• ‘They open the newspaper; they read a couple of headlines on the front page to see if they know anybody that got in a pickle, and then they go right to the sports page or the comics.’
    • ‘If yields jumped, the government could find itself in a pickle as it struggled to pay off dollar debt with a fast-weakening currency.’
    • ‘And while colleagues would like to move faster, they also accept he is in a pickle.’
    • ‘Please note that my relationship is not in a pickle.’
    • ‘But it's difficult to argue when traffic jams are landing us in a pickle every day.’
    plight, predicament, mess, difficulty, trouble, crisis, desperate straits, dire straits, ticklish situation, tricky situation, problem, quandary, dilemma
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verb

[with object]
  • 1Preserve (food or other perishable items) in vinegar, brine, or a similar solution.

    ‘chunks of green tomatoes pickled in brine’
    • ‘They are hand-picked at the beginning of the summer, to be pickled in vinegar and enjoyed as a condiment or in salads.’
    • ‘He says: ‘We sell the whole of the beast from the tongue, which is pickled in the shop's own brine tub, all the way to the oxtail.’’
    • ‘To reduce waste, Wendy has begun pickling the mushrooms they don't sell.’
    • ‘The large amount of sugar in the cooked fruit acted like the vinegar pickling brine to help preserve freshness.’
    • ‘Either kind is eaten with red cabbage pickled in vinegar.’
    • ‘They are tiny flower buds from Mediterranean shrubs, which are usually pickled in brine or sea salt.’
    • ‘Influenced by the cooking style in neighbouring cities, especially in Ningbo, where people are skilled in pickling seafood in wine, Shanghainese also show great interest in dishes like pickled shrimps and crabs.’
    • ‘The best-known dressing-up dish is kimchee, vegetables pickled in sweetish but mostly hot red chili paste touched with garlic and ginger.’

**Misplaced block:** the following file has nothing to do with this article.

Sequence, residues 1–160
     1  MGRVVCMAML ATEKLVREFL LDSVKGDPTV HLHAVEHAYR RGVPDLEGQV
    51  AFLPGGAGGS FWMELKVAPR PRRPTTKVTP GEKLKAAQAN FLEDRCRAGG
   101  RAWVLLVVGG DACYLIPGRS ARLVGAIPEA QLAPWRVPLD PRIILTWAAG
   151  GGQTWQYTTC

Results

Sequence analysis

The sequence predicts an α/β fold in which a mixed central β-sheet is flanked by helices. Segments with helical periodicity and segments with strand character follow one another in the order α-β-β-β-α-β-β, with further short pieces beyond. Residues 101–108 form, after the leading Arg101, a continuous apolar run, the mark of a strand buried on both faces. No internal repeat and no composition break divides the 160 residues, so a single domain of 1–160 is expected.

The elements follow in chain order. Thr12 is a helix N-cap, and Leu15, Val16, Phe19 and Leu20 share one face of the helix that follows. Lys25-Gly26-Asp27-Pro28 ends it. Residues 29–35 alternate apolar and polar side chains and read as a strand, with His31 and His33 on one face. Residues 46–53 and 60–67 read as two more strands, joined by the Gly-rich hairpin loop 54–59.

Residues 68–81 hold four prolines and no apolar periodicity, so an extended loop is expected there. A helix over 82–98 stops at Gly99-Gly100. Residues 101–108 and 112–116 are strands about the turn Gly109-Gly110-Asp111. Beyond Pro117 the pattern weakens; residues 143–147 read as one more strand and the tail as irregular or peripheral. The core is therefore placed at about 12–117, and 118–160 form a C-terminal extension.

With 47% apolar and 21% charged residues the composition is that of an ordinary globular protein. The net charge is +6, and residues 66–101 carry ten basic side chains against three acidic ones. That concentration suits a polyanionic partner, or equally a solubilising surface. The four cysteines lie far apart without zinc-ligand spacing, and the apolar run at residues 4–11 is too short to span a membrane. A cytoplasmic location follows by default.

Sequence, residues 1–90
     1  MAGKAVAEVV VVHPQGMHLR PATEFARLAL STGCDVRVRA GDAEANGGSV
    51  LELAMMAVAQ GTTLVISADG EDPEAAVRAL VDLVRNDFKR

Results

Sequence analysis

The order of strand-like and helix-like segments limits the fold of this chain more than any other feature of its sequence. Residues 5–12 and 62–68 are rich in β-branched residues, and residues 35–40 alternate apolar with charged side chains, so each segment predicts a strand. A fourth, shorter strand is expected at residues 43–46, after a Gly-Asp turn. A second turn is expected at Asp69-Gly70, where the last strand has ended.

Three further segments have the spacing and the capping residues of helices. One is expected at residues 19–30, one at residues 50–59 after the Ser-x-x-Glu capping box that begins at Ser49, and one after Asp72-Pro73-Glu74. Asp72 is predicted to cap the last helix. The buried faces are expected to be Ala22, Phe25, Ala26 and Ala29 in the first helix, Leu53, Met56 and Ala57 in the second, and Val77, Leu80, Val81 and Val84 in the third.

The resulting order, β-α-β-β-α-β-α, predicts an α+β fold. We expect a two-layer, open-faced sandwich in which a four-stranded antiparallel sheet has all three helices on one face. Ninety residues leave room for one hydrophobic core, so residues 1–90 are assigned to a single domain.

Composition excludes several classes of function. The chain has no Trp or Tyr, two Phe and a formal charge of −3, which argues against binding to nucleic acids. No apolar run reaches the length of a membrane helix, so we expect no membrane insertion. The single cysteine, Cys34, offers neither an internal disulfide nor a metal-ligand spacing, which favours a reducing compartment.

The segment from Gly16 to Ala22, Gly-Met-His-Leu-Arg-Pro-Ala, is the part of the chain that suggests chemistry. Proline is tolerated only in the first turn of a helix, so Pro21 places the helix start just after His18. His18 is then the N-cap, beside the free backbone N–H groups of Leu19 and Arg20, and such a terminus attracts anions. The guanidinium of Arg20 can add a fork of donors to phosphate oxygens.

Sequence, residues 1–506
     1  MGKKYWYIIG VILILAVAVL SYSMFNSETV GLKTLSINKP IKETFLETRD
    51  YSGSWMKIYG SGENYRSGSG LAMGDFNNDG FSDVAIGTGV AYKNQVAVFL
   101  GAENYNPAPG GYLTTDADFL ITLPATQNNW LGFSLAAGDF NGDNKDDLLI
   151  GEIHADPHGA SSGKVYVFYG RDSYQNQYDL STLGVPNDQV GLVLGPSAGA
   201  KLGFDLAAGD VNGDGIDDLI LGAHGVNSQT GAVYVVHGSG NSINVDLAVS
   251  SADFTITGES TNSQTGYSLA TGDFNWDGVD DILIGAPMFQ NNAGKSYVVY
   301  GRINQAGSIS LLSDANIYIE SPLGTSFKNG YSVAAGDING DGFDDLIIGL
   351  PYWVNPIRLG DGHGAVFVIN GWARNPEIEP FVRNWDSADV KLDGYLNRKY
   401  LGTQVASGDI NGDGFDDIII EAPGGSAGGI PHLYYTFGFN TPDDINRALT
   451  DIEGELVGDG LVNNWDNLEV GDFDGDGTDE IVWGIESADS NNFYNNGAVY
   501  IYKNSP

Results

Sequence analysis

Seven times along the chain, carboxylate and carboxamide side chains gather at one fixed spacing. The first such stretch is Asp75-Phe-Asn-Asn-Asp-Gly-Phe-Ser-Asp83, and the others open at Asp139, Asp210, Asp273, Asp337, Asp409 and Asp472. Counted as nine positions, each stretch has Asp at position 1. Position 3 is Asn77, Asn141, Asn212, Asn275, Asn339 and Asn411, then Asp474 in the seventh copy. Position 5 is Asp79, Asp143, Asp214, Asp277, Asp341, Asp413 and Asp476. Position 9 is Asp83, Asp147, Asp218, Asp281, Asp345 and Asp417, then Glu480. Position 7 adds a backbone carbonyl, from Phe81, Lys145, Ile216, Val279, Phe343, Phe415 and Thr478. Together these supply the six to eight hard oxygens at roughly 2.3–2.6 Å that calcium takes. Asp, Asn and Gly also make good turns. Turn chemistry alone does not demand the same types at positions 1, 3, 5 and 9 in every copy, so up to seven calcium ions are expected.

• ‘The buds are picked before they start to open, and pickled in vinegar.’
    • ‘She thought about this as she pickled some cucumbers for the winter.’
    • ‘Usually, it's fried, pickled in vinegar and spices and served cold.’
    • ‘To lightly pickle the cucumber, finely slice it and toss with salt, sugar and lemon juice.’
    • ‘Portuguese garlic pork is highly spiced pork pickled in garlic and vinegar.’
    • ‘Food-grade lime may be used as a lime-water solution for soaking fresh cucumbers 12 to 24 hours before pickling them.’
    • ‘He was pickled in a barrel and the story is that Mary helped to do this.’
    • ‘Mint was grown and pickled in vinegar by the Romans, who introduced the plant into England.’
    • ‘As you recall, when we pickle cherries or watermelon rinds, we add a little sugar.’
    • ‘Young buds were pickled in vinegar or brine with silphium and cumin.’
    • ‘The salmon they carried from Berwick was boiled, pickled in brine and delivered in barrels known as kitts.’
    • ‘When most people think of herring, they picture it in smoked strips, or maybe pickled in large jars.’
    preserve, souse, marinate, conserve
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    1. 1.1 Immerse (a metal object) in an acid or other chemical solution for cleaning.
      • ‘This is usually done by pickling in an inhibited acid.’
      • ‘Miliscale on copper-nickel alloys must be removed by grinding or pickling; wire brushing is not effective.’
      • ‘Titanium sheet, supplied descaled and pickled, has no significant amount of surface oxide.’
      • ‘After a few rounds of heating and pickling in acid the silver would be brought to the surface of the coin in a thin rind, and give the coin a brilliant silvery appearance.’

Origin

Late Middle English (denoting a spicy sauce served with meat): from Middle Dutch, Middle Low German pekel, of unknown ultimate origin.

Pronunciation

pickle

/ˈpɪk(ə)l//ˈpik(ə)l/